Journal of Environmental Science and Management, 2014 - School of Environmental Science and Management, University of the Philippines Los BañosDiverse array of microorganisms such as bacteria, fungi and protists are involved during oil spill. Each microorganism has its own specific function whether it has to degrade or adsorb hydrocarbons. One important microorganism is the Thraustochytrid that is a fungoid protist and are common in marine and estuarine habitats. Numerous studies existed on the biodegradation and adsorption of Thraustochytrids on various substances but not on Bunker C oil. Thus, this study aimed to determine the adsorption capacity and mean biomass of Thraustochytrids in Bunker C oil using different cell densities measured in grams. All of the three treatments or cell densities (1 x 105 cells ml-1, 1 x 106 cells ml-1 and 1 x 107 cells ml-1) were triplicated and average values were recorded. Oil dispersant was used as a control. It showed that Thraustochytrid with 1 x 107 cells ml-1 showed the highest adsorbed oil (.057 ḡ) among the three cell densities and showed significant difference at p = .01 but comparable to the control (.066 ḡ). In terms of biomass concentration, all cell densities showed no significant difference at p = .01. Thraustochytrid is a promising tool during oil spill because it has the capacity to adsorb oil.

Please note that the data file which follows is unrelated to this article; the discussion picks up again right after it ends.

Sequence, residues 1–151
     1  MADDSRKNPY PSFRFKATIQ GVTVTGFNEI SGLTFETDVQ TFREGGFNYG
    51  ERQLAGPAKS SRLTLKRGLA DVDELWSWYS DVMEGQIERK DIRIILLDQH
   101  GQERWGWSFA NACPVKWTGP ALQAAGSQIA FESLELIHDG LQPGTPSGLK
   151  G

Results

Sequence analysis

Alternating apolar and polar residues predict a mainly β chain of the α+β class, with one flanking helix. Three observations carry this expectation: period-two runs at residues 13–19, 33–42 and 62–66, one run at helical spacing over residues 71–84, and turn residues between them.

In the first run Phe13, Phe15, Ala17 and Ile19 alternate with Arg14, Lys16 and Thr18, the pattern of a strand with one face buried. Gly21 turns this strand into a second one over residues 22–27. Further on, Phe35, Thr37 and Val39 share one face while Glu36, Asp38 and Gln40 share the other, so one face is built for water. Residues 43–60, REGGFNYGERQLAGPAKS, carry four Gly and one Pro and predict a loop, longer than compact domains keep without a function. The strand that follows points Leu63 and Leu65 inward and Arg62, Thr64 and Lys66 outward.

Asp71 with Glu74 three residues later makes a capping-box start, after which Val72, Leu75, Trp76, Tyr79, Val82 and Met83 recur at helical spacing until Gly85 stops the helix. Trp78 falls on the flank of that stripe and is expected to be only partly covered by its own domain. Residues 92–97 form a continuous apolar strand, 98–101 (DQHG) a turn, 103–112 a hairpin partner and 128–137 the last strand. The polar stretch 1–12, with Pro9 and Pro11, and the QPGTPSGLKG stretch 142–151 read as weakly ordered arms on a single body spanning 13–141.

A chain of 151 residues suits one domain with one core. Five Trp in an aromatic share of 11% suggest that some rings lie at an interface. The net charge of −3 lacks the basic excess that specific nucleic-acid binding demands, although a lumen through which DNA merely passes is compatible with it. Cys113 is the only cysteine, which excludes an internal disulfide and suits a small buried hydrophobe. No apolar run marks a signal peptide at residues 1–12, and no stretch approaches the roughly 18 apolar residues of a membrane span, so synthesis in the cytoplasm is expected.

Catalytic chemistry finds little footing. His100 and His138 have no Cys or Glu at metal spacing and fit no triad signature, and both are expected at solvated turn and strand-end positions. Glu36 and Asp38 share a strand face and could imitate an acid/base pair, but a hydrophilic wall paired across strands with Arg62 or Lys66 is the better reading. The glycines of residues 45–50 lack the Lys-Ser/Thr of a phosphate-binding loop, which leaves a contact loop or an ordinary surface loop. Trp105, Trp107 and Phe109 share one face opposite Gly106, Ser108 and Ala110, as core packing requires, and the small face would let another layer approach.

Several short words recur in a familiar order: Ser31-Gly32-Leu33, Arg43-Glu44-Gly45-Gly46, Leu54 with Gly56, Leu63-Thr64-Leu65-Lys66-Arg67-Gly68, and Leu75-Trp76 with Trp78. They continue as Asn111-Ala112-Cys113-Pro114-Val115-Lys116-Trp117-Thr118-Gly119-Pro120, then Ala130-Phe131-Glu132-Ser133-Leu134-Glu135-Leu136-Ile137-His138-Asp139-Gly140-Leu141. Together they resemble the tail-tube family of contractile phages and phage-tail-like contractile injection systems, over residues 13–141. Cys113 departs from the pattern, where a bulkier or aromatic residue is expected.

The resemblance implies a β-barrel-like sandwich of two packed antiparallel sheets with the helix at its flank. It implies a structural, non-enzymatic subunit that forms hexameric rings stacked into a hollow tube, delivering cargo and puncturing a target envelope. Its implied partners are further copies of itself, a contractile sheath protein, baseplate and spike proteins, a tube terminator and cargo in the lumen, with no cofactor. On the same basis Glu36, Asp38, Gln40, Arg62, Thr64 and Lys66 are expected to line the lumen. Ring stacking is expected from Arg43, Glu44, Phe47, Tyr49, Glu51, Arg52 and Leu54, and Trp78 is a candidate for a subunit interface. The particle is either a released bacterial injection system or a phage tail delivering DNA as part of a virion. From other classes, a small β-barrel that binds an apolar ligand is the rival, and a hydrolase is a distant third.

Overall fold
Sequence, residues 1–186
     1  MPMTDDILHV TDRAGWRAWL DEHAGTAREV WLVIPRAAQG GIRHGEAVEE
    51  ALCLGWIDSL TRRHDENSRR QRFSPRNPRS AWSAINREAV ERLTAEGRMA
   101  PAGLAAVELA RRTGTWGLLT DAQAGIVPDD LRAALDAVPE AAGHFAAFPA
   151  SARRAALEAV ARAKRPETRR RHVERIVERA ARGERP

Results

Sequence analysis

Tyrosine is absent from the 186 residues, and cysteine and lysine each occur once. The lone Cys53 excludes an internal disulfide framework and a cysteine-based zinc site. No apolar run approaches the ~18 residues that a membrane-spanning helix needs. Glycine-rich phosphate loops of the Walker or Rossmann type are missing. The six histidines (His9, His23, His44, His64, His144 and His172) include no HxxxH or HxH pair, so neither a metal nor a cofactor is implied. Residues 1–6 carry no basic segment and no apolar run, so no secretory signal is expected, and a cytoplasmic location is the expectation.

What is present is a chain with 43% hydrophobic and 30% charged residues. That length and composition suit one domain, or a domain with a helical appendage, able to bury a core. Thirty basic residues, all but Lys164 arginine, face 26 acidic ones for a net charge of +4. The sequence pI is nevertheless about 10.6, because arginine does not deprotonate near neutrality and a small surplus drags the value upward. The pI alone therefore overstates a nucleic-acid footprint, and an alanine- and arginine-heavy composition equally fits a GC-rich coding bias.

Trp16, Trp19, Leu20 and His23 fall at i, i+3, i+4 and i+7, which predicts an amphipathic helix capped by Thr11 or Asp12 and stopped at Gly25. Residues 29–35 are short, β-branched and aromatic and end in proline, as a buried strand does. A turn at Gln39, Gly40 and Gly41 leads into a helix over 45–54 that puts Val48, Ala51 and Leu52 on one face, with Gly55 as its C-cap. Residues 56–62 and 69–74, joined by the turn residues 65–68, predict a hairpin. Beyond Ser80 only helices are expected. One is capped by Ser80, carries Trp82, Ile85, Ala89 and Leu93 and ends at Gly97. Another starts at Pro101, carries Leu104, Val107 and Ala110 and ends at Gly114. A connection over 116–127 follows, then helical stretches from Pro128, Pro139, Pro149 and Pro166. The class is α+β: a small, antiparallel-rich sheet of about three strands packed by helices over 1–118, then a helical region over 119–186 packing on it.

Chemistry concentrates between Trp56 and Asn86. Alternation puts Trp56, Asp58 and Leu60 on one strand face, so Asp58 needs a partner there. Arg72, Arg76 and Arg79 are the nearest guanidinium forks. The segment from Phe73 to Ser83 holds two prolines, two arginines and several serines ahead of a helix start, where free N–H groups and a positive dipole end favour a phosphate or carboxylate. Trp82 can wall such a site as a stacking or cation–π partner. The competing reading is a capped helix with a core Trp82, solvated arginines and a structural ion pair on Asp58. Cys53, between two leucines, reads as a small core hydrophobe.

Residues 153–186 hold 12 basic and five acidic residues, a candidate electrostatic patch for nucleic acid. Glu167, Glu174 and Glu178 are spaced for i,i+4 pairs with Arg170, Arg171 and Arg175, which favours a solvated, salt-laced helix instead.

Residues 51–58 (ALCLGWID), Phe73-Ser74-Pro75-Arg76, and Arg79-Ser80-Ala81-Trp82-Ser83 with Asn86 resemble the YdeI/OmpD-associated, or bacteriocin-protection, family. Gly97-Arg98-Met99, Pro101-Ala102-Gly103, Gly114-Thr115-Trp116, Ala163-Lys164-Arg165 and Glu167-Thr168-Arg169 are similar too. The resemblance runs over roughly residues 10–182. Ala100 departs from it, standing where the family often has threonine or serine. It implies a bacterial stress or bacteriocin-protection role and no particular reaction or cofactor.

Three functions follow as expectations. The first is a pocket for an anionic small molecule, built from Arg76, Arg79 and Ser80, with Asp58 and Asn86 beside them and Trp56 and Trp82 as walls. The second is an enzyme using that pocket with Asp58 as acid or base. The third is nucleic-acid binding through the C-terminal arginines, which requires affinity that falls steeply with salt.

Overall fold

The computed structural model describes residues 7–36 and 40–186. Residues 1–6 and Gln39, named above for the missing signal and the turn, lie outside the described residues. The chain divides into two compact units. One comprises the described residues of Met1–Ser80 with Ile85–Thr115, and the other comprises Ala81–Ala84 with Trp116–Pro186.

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Sustainable milkfish production in marine fish cages through strong government support and effective public-private partnerships: a case study from Panabo City Mariculture Park in Davao del Norte, Philippines - In W Miao & KK Lal (Eds.), Sustainable intensification of aquaculture in the Asia-Pacific region. Documentation of successful practices, 2016 - FAO Regional Office for Asia and the PacificThis case study presents the successful practice of sustainable intensification of milkfish aquaculture in marine fish cages under semi-intensive grow-out conditions in the Panabo City Mariculture Park (PCMP) in Davao del Norte, Philippines. Established in 2006, PCMP became operational through the promulgation of a City Ordinance declaring 1 075 hectares of municipal waters in Panabo City as a Mariculture Development Zone/Park. The operations of PCMP were so successful that in just five years it became the third largest among the 63 operational MPs in the Philippines during 2011, with 86 private investors-locators operating a total of 322 units of cages. At present, a total of 372 units of fish cages are operating in the mariculture park (MP). A combination of factors contributed to the successful operation of PCMP, but the success is usually attributed to the effective partnership between the government (both local and national) and the private sector. The Comprehensive MP City Ordinance that governs the PCMP is strictly implemented and includes, among others, the tenurial rights and access to locators. Regulations on distances between cages are strictly enforced and security measures in the total area are jointly undertaken by the government and the locators. The national government, through the Bureau of Fisheries and Aquatic Resources-National Mariculture Center (BFAR-NMC), provides technical support in all aspects from stocking to harvest during the production cycle. BFAR-NMC staff conduct regular periodic sampling of the stocks and compute feeding rates for the stocks which are implemented by the technicians/caretakers. Likewise, BFAR-NMC staff regularly monitor the water quality of the MP and the health status of the stocks. Since it became operational in 2006, the PCMP did not report a single incident of mass fish kill, which indicates that the technical guidelines of MP operations are strictly followed. Workers are trained and organized into groups by BFAR-NMC such as caretakers, cage framers, netters, harvesters, fish processors, and others, and actively participate in discussions related to MP operations to ensure protocols are properly followed. Harvests of stocks are done by skilled workers trained by BFAR-NMC, all done in the “Bagsakan Center” or fish landing area and are well-coordinated. The support facilities in the fish landing area are provided by both the local and national government and the PCMP Producers Association. The operators provide complete data for their operations to BFAR-NMC for record keeping. The strong partnership between the national government through BFAR-NMC, the local government unit, the investors, as well as the acceptance and support from the community for the PCMP is the hallmark of its success.